Against us tyranny’s
Bloody standard is raised
The bloody standard is raised
Listen to the sound in the fields
The howling of these fearsome soldiers
They are coming into our midst
To cut the throats of your sons and consorts

To arms citizens
Form you battalions
March, march
Let impure blood
Water our furrows

2. What do they want this horde of slaves
Of traitors and conspiratorial kings?
For whom these vile chains
These long-prepared irons?
These long-prepared irons?
Frenchmen, for us, ah! What outrage
What methods must be taken?
It is we they dare plan
To return to the old slavery!


3. What! These foreign cohorts!
They would make laws in our courts!
What! These mercenary phalanxes
Would cut down our warrior sons
Cut down our warrior sons
Good Lord! By chained hands
Our brow would yield under the yoke
The vile despots would have themselves be
The masters of destiny


4. Tremble, tyrants and traitors
The shame of all good men
Tremble! Your parricidal schemes
Will receive their just reward
Will receive their just reward
Against you we are all soldiers
If they fall, our young heros
France will bear new ones
Ready to join the fight against you


5. Frenchmen, as magnanimous warriors
Bear or hold back your blows
Spare these sad victims
Who with regret are taking up arms against us
With regret are taking up arms against us
But not these bloody despots
These accomplices of Bouillé
All these tigers who pitilessly
Are ripping open their mothers’ breasts


6. Sacred Love for the Fatherland
Lead and support our avenging arms
Liberty, cherished liberty
Join the struggle with your defenders
Join the struggle with your defenders
Under our flags, let victory
Hasten to you virile force
So that in death your enemies
See your triumph and our glory!


7. We shall enter into the pit
When our elders will no longer be there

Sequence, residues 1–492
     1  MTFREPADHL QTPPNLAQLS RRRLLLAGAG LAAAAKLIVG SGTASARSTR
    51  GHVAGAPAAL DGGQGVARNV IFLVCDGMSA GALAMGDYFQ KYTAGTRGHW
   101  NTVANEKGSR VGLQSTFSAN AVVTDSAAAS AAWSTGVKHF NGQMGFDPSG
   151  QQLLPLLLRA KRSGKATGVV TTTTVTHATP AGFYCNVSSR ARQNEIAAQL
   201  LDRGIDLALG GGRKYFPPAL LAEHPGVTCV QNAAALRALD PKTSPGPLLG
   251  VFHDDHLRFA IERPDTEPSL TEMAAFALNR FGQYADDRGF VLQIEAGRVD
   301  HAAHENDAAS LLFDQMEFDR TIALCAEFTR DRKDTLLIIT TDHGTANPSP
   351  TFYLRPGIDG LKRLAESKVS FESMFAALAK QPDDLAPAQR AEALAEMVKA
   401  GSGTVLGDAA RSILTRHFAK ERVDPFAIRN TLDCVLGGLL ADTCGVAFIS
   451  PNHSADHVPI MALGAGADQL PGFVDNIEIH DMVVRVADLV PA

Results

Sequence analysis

There we shall find their ashes
And the mark of their virtues
And the mark of their virtues
We are much less jealous of surviving them
Than of sharing their coffins
We shall have the sublime pride
Of avenging or joining them


Ary Chalus President of the Regional Council in Guadeloupe



Presidents of the Regional Council





TOOK OFFICE: 02/1983 – LEFT OFFICE: 03/1986

TOOK OFFICE: 03/1986 – LEFT OFFICE: 29/03/1992

TOOK OFFICE: 29/03/1992 – LEFT OFFICE: 02/04/2004

TOOK OFFICE: 02/04/2004 – LEFT OFFICE: 03/08/2012

TOOK OFFICE: 03/08/2012 – LEFT OFFICE: 12/04/2014

TOOK OFFICE: 02/05/2014 – LEFT OFFICE: 18/12/2015



National Park in Guadeloupe

Located on the island of Basse Terre the Guadeloupe National Park or ‘Parc National de la Guadeloupe’ attracts more than one million visitors per year. A UNESCO World Biosphere Reserve and location of some of the most magnificent natural sites. Visit the Carbet falls and see a number of waterfalls along the way. Many like to take a nice cool swim at Cascade aux Ecrevisses or take a hike up to the infamous active Soufrière volcano, the highest peak of the Lesser Antilles. The reserve is home to around 800 different species of flora and fauna as well as numerous birds, mammals and insects. With so much to see, learn and do, the Guadeloupe National Park is a truly magnificent area and much of it can be enjoyed by the whole family.

Official Website: www.guadeloupe-parcnational.fr/en

Grand Cul-de-Sac Marin in Guadeloupe